March 6 — Super Tuesday (437 delegates)

Ten states will hold GOP contests this day; there will be primaries in Georgia, Massachusetts, Ohio, Oklahoma, Tennessee, Vermont and Virginia, and caucuses in Alaska, Idaho and North Dakota. Essentially all of these states have some kind of proportional system of allocating delegates.

Gingrich figures to do well in Southern states such as Georgia and Tennessee, but he failed to qualify for the ballot in a third, Virginia. Romney will almost certainly do well in his home state of Massachusetts and probably in Vermont, too. Santorum may connect with blue-collar workers in Ohio. And Paul has some caucus states where he can steal some delegates; he took at least 17 percent of the vote in 2008 an all three of these caucus states.

The key battles here are most likely to be in Ohio, where most of the 66 delegates are available, three at a time, to the winner of each congressional district. That could be a big swing if a candidate sweeps the state, and it’s why Gingrich and Romney are already focusing on Ohio.

But also look at Oklahoma, which is kind of a hybrid of the Midwest (Santorum’s strength) and the South (Gingrich’s strength).

In other words, there are constituencies here for everyone to win, and it could be close if all the candidates are still seen as viable.

The rest of March (430 delegates)

Eleven more contests will be held in March. The big ones are primaries in Alabama, Illinois, Louisiana and Mississippi, along with key caucuses in Kansas and Missouri.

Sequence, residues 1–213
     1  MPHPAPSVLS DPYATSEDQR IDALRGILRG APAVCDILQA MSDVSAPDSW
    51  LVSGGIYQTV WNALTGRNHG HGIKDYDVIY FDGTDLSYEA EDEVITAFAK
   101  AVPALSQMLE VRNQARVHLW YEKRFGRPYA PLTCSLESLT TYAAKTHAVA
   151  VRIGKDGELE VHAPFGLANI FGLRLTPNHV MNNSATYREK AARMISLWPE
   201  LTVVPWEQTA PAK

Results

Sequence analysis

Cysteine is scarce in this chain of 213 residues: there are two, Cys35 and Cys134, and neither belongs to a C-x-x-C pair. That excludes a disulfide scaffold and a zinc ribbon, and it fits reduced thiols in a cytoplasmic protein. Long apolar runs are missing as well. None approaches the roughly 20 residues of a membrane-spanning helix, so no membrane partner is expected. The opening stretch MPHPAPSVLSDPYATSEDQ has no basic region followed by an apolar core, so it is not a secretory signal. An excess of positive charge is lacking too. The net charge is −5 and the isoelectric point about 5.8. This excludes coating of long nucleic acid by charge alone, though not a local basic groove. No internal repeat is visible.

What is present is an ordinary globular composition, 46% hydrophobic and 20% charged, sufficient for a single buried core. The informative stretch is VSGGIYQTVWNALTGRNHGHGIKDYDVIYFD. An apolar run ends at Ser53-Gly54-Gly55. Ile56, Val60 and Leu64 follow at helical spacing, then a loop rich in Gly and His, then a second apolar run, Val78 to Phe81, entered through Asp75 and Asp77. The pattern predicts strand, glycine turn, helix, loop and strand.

This may be Romney’s toughest stretch, as most of these states are either Southern or Midwestern. But he should have an advantage in the biggest state, Illinois (69 delegates), both because it’s a more moderate state (despite being Midwestern) and because of a complicated delegate-selection process that favors an organized campaign.

April (484 delegates)

This is where a delegate race would start getting decided, because it is when every state can start allotting delegates on a winner-take-all basis.

Yet the biggest April states — Texas and New York (250 delegates combined) — are still proportional, which means the race could continue even after April if those states are split up sufficiently.

Gingrich is counting on Texas, but, as always, it’s too simple to just label it a Southern state. New York would obviously seem to be Romney territory, but again it’s not clear-cut. Santorum, meanwhile, should do well in his home state of Pennsylvania and Midwestern Wisconsin.

May (276 delegates)

Seven contests this month are highlighted by the Indiana and North Carolina primaries on May 8, but this month includes no pure winner-take-all contests.

The regional advantages at this stage are harder to mete out, but there are some Southern states (Arkansas, Kentucky and North Carolina) and some Midwestern states (Nebraska) for Gingrich and Santorum to play in. Santorum, though, did not qualify for the Indiana ballot.

June (339 delegates)

This is really when winner-take-all starts to take hold. California is the big one (172 delegates), but there are also 90 delegates at stake in winner-take-all contests in New Jersey and Utah. Both New Jersey and Utah are pretty clearly Romney country, so it’s a nice backstop for him if he winds up in a real delegate scrap.

If the race reached this point, it would almost certainly become all about California on June 5.

Aaron Blake covers national politics and writes regularly for The Fix, the Post’s top political blog.